What was it in Bob’s opening statement that equates to my omitting Christianity in mine? It is this - He is clearly addressing a scientific question of the origin of the universe. He restricts the purely scientific options to one choice – the eternal existence of matter. But considering universe as we know it to have existed eternally is a scientific philosophy that has been abandoned for nearly a half-century by over 95% of the tens of thousands of physicists in the world. Why did he elect to summarily disregard the idea that these same scientists feel there is strong and growing evidential support for, the Big Bang? I would be most interested to see if he could specifically tell us why he chose to restrict the scientific options to a single view held by a small minority of the physics community and totally omitted any mention of the majority scientific view.
 

Livingthelife4e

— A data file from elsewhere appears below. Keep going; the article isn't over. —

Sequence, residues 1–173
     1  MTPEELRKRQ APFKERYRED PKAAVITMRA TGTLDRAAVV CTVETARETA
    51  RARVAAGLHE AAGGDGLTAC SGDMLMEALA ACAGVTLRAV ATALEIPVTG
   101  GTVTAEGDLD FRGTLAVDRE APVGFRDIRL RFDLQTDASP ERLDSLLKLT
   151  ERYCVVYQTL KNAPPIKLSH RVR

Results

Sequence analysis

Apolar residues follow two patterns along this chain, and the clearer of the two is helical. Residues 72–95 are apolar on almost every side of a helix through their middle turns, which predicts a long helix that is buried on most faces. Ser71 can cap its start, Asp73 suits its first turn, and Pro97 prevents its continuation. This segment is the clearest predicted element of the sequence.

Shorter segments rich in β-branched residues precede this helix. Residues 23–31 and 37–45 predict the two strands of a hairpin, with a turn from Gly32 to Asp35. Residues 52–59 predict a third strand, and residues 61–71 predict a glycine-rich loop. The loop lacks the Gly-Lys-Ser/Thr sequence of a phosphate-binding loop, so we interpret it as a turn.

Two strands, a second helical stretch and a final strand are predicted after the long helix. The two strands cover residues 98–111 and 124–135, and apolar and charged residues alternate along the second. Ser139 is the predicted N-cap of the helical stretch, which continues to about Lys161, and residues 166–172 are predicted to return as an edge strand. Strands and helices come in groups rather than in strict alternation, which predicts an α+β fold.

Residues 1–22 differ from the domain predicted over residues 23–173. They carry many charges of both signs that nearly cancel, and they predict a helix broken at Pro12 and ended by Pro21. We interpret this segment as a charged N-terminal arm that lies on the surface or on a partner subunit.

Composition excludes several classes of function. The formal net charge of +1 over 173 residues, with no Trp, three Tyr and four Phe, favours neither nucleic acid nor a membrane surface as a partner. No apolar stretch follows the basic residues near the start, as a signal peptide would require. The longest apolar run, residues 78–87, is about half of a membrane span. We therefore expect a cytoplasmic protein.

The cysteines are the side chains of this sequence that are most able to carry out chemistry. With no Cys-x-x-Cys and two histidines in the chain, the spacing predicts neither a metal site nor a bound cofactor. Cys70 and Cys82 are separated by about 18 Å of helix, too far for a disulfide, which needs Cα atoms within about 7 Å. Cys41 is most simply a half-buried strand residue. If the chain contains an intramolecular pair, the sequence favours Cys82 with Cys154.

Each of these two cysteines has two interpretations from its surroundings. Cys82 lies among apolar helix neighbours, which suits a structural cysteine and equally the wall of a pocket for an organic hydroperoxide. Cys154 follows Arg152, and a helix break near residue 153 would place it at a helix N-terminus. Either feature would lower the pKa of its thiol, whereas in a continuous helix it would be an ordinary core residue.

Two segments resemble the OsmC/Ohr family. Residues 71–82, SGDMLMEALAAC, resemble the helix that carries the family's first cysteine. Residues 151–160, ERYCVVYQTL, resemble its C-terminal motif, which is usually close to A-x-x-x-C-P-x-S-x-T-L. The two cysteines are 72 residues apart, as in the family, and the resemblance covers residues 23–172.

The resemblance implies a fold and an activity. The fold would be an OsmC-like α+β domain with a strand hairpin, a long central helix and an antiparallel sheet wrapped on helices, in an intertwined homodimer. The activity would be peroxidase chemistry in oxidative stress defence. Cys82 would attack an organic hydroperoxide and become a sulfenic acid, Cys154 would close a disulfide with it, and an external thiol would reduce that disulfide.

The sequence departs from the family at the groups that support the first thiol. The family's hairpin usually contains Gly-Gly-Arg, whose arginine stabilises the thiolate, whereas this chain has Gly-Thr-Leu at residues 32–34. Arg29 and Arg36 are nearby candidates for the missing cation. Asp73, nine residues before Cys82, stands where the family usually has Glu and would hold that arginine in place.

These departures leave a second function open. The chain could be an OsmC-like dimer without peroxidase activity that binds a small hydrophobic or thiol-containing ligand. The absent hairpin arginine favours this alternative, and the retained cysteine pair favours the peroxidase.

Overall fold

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ThePhy said:
One of the items Bob sells through his radio show and website is a set of audiotapes called “Genesis – Creation”. I felt that these tapes might be relevant to any Age-of-the-Earth debate that might materialize between Bob and I, so I ordered them. The relevance showed itself in less than 30 seconds.

Very near the start of the first tape, Bob says this: When I first heard that I immediately stopped the tape and cleaned out my ears. Then I started the tape from the front again. The same words were heard. I thought, “There has to be a mistake here.” But alas, after playing it over several times, the sad reality was clear.